The Ax the Pink Tax movement rocked Miami. A group of Latinas gathered in the sunny city on April 17 to stand up for gender equality and raise awareness about the price markup retailers add to items marketed to women. While the hip, urban office where the reunion took place was filled with pink balloons, donuts and cupcakes, the attendees were there to discuss an issue that can’t be sugar-coated: the so-called “pink tax” costs women an extra $1,351 a year on average.
Julia Armstrong, a marketing manager at the European Wax Center, which sponsored the event, gave a powerful presentation on how essential products (baby bottles and tampons to name a few) and common goods (jeans, razors) cost more for women than for men. If a baby bottle or razor is pink rather than blue, you’ll pay more for it— and it adds up. Pink calculators helped the women at the event calculate the cost of hidden fees. “For me, I’m 36 and it’s about $40,000,” Armstrong said after tallying what the “pink tax” has cost her over her to date. “If you’re 80, over the lifetime of a woman, that’s over a $100,000. What could you put that money towards?”
Gasps were heard around the room as the disparate price tags for male and female targeted products were revealed. “They were shocked because they have no idea,” Armstrong later told PEOPLE CHICA. “We just want you to be aware and tell your friends. The answer is not to go buy men’s products. The answer is to level the playing field. We want the pink and the purple products, but we want them for the same price.”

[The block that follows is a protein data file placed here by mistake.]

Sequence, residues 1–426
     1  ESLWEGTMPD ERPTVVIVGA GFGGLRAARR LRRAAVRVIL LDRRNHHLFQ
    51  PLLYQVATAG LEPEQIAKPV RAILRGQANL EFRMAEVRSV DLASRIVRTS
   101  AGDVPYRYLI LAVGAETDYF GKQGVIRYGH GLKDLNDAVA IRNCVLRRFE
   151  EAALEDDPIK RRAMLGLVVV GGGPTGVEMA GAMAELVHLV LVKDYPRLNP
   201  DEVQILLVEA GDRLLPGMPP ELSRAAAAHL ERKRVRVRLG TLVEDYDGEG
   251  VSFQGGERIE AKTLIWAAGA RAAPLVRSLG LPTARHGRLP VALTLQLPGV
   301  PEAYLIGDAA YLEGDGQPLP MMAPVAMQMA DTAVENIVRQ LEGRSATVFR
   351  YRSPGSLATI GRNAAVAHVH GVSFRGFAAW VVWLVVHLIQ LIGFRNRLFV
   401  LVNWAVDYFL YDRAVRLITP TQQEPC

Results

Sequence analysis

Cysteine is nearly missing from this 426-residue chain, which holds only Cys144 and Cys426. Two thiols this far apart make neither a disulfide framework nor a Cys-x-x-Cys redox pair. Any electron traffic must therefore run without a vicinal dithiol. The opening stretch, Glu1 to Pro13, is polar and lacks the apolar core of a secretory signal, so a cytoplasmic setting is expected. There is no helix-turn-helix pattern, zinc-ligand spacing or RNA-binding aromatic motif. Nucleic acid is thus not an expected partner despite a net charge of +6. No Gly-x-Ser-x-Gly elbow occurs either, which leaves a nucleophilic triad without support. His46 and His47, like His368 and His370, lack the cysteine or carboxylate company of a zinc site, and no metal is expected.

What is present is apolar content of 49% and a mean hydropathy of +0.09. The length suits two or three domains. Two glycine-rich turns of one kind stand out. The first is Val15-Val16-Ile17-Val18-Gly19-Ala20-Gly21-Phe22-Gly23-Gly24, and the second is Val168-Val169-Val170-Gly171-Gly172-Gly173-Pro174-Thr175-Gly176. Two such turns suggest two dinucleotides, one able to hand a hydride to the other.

The women at the event dyed their eyebrows pink in support of the movement and voiced their opinions. Latina bloggers like fashionista Kelly Saks and Despierta América’s Astrid Rivera Luciano rallied for the cause. “These types of movements for women are very important,” Luciano said, adding, “2018 for me is the year of women, the year of empowerment and women raising their voices. It’s important for us to support one another. When women unite we create the kind of activism that helps to change laws.”
The long-enduring myth that women are bad with finances was also addressed by the panelists and put to rest. “We do spend wisely, we have to. We are managing with less pay and paying more for products,” Armstrong said. “We have children to raise, many women are single moms, we have to manage our money wisely and build awareness for us.”
The pink tax doesn’t only affect women. It affects men, who pay more on gifts for their wives, daughters, and mothers, and the finances of the entire family. There are also male supporters of the movement, like Jody Musselman of the European Wax Center. “It’s important as men that we are aware of what happens in the world around us today and that we express that it’s not OK, and there needs to be an equal playing field for everyone regardless of gender,” he says. “As men, we need to also bring awareness, so that we’re supporting each other.”
To continue the conversation and learn more about the Pink Tax visit http://www.AxThePinkTax.com